Learning-Ways and Types



Four Ways of Learning

This outline describes different ways of knowing engaged by people of all kinds, with a particular focus on students at colleges and universities. Based on a study done by Mary Belenky and other scholars, this is helpful for understanding the different kinds of knowing required for college learning.

Introverts in the Classroom

This is a short essay by a Carleton alum who regards herself as on the introverted, shy side. She discusses the particular qualities and experiences associated with her personal style.

Extroverts in the Classroom

This is a short essay by another student who regards herself as extraverted and needing to share the learning process with others.

Levels of Pedagogy and Individualized Instruction

This essay discusses the ways in which teachers sometimes seek to discern different levels at which students engage the subject matter of a course and how teachers can tailor their instruction to fit the needs of individual students.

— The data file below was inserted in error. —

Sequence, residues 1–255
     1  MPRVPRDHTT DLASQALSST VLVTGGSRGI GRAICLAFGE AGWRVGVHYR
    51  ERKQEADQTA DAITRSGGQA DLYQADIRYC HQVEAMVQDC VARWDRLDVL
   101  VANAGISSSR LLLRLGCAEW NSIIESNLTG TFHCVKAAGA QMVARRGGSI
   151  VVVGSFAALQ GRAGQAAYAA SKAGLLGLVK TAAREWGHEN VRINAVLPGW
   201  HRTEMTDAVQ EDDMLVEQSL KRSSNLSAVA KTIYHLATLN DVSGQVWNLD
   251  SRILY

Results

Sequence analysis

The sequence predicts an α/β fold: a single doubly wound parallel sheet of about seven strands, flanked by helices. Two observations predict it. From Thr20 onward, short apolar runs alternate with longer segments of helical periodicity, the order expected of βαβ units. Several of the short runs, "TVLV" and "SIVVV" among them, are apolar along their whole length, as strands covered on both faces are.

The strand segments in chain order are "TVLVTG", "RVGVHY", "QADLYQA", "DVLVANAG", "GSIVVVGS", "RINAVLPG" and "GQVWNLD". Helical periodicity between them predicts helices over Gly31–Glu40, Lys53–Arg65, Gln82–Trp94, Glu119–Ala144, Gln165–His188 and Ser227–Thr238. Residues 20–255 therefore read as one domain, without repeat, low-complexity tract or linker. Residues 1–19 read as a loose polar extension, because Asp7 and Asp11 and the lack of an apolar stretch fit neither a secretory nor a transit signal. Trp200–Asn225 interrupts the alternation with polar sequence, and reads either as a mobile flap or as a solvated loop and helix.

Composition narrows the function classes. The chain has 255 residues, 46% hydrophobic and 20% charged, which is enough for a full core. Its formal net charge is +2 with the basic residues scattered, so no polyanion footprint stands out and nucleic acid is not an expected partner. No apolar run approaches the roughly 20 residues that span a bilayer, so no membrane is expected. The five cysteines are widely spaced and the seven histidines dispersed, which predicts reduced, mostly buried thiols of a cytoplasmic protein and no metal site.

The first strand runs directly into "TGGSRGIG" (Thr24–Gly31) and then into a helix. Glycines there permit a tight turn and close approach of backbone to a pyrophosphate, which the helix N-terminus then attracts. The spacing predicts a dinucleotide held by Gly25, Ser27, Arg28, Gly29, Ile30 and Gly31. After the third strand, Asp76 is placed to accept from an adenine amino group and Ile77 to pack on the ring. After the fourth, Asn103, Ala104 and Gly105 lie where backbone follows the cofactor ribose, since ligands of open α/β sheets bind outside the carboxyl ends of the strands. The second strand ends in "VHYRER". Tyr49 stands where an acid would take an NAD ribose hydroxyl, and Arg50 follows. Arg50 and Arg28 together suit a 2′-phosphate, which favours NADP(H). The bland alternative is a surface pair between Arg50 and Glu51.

Four Modes of Knowledge and the Representation of Text

This essay discusses different modes of knowledge - intellectual, intuitive, affective, and somatic - that can be used to represent and examine texts in the context of a given course.

Counterpoints - Issues in Teaching Religious Studies

Edited by Mark Hadley and Mark Unno, Brown University, 1995. This guide containing over a dozen essays is designed by and for faculty and graduate students in religious studies covering everything from procedural matters on the first day of class through in-depth examination of aspects of pedagogical philosophy.


University of Oregon Teaching and Learning Center Tel 346-3226

Back to Mark's Home Page